Figure 1: carefully stretch your frosted tape so that it sticks to the rails meant to keep the film flat against the camera’s pressure plate.

Here are all the things that you will need to begin calibrating your camera: a digital microscope, frosted sticky tape, clear work surface, a way to mount the camera and microscope in place, and a target that’s at least 20 metres/60 feet away. Plus, a set of micro screwdrivers and whatever else tools you need to make adjustments to your lens — remember, that part is up to you.

Understand that there could be dramatic changes in focus if the film isn’t held at an exact distance from the lens. The pressure plate and the rails are precise, with the tolerance of a fraction of a millimetre. Thus you’ll need to be careful to stretch your frosted tape over the horizontal film pressure rails, as flat as possible, see Figure 1. If you mount it incorrectly, as seen in Figure 2, this method will not work.

Figure 2: the tape isn’t mounted correctly in this image; it should be stretched vertically over the pressure rails. However, this is how the image will generally look (inverted) once projected onto your tape.

Now that you have your camera’s back exposed and the frosted tape accurately placed (using Figure 1 as your guide) where the film would typically be, you will need to situate all your gear into position infront of a far-away target. I don’t own a tripod, so I simply placed my Vitessa on top of a box, aimed at a window.

Your microscope should be pointing directly at the tape — see Figure 2 and the image below. I rotated it to have the image on my laptop appear right side up and adjusted the focus so that I can see the maximum amount of detail, up to the point of being able to discern a single grain on the tape. While most lenses appear sharpest at 𝒇4-8, I set my Ultron wide-open to 𝒇2 for the maximum amount of light; because the point of interest is smack in the middle of the plane, we do not need to stop the lens down. If you have a trigger chord that can hold your camera’s shutter open for you, you’re set — I simply held the button down while in Bulb setting to let the light in and preview the results.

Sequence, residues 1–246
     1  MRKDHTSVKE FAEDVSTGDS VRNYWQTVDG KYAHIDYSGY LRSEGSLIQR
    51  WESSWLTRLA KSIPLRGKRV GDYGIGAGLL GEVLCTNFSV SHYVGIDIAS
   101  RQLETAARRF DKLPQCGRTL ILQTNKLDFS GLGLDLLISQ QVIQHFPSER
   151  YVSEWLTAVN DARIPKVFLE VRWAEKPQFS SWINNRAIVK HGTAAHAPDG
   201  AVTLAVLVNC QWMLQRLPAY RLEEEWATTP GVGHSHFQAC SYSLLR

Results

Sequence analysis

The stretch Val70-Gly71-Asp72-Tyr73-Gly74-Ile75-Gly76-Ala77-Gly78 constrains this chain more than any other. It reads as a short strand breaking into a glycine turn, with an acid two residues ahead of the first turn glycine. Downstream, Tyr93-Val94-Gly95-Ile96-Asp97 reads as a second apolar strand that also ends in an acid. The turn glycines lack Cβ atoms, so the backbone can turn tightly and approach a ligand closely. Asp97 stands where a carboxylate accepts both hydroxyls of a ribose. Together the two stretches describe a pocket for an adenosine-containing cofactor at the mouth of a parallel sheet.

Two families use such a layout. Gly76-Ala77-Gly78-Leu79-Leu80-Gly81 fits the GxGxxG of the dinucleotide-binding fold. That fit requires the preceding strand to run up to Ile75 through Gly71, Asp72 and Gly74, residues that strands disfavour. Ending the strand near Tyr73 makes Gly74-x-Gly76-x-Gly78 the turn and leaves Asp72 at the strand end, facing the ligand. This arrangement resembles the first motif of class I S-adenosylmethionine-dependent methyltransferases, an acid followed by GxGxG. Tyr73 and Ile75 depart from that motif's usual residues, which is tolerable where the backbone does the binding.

Now that your microscope can transmit the magnified image from your frosted tape onto your screen, set your lens to infinity and make adjustments until the desired sharpness is achieved.

This is pretty much all there is to it; you have effectively transformed your film camera into a clumsy digital contraption, good enough to make accurate adjustments to the lens.

On my Vitessa, there’s a stopper on the focus wheel that lets me calibrate the infinity a little. This time it wasn’t enough, so I removed a few shim rings wedged between the lens and the body. A few screw turns later, I finally got a much better infinity focus. I took some extra time to also match my rangefinder patch for the nearest distance as well, essentially ensuring accuracy across the entire focus range.

Uncropped 35mm Ilford Delta 100 film scans. The unadjusted lens’ blurring, top-left, isn’t noticeable at an “Instagram” (click here to preview) resolution but is plain on laptops and tablet-sized screens.
400% crop.

To get the above split-image focus demo, I used a single roll of Ilford Delta 100 film and documented each test exposure before making adjustments to the camera, totalling about ten.

I then rolled the film back, careful to leave the leader exposed, calibrated the lens, and made eleven exposures in complete darkness at 𝒇16, 1/500th of a second to avoid double-exposures. The next ten frames were exposed from the exact same location. A trip to the lab, precision scanning session with PrimeFilm XA, some Photoshop magic, and that’s that.

There you have it, yet another way modern technology makes things previously inaccessible in the past easy to do in 2020.